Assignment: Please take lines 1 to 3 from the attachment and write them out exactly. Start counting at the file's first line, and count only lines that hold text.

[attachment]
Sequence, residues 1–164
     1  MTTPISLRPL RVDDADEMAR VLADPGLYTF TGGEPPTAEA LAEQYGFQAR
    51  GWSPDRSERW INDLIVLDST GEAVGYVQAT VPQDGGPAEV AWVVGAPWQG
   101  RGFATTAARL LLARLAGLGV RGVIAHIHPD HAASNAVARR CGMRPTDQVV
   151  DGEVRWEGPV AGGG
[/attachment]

Sequence, residues 1–164
     1  MTTPISLRPL RVDDADEMAR VLADPGLYTF TGGEPPTAEA LAEQYGFQAR
    51  GWSPDRSERW INDLIVLDST GEAVGYVQAT VPQDGGPAEV AWVVGAPWQG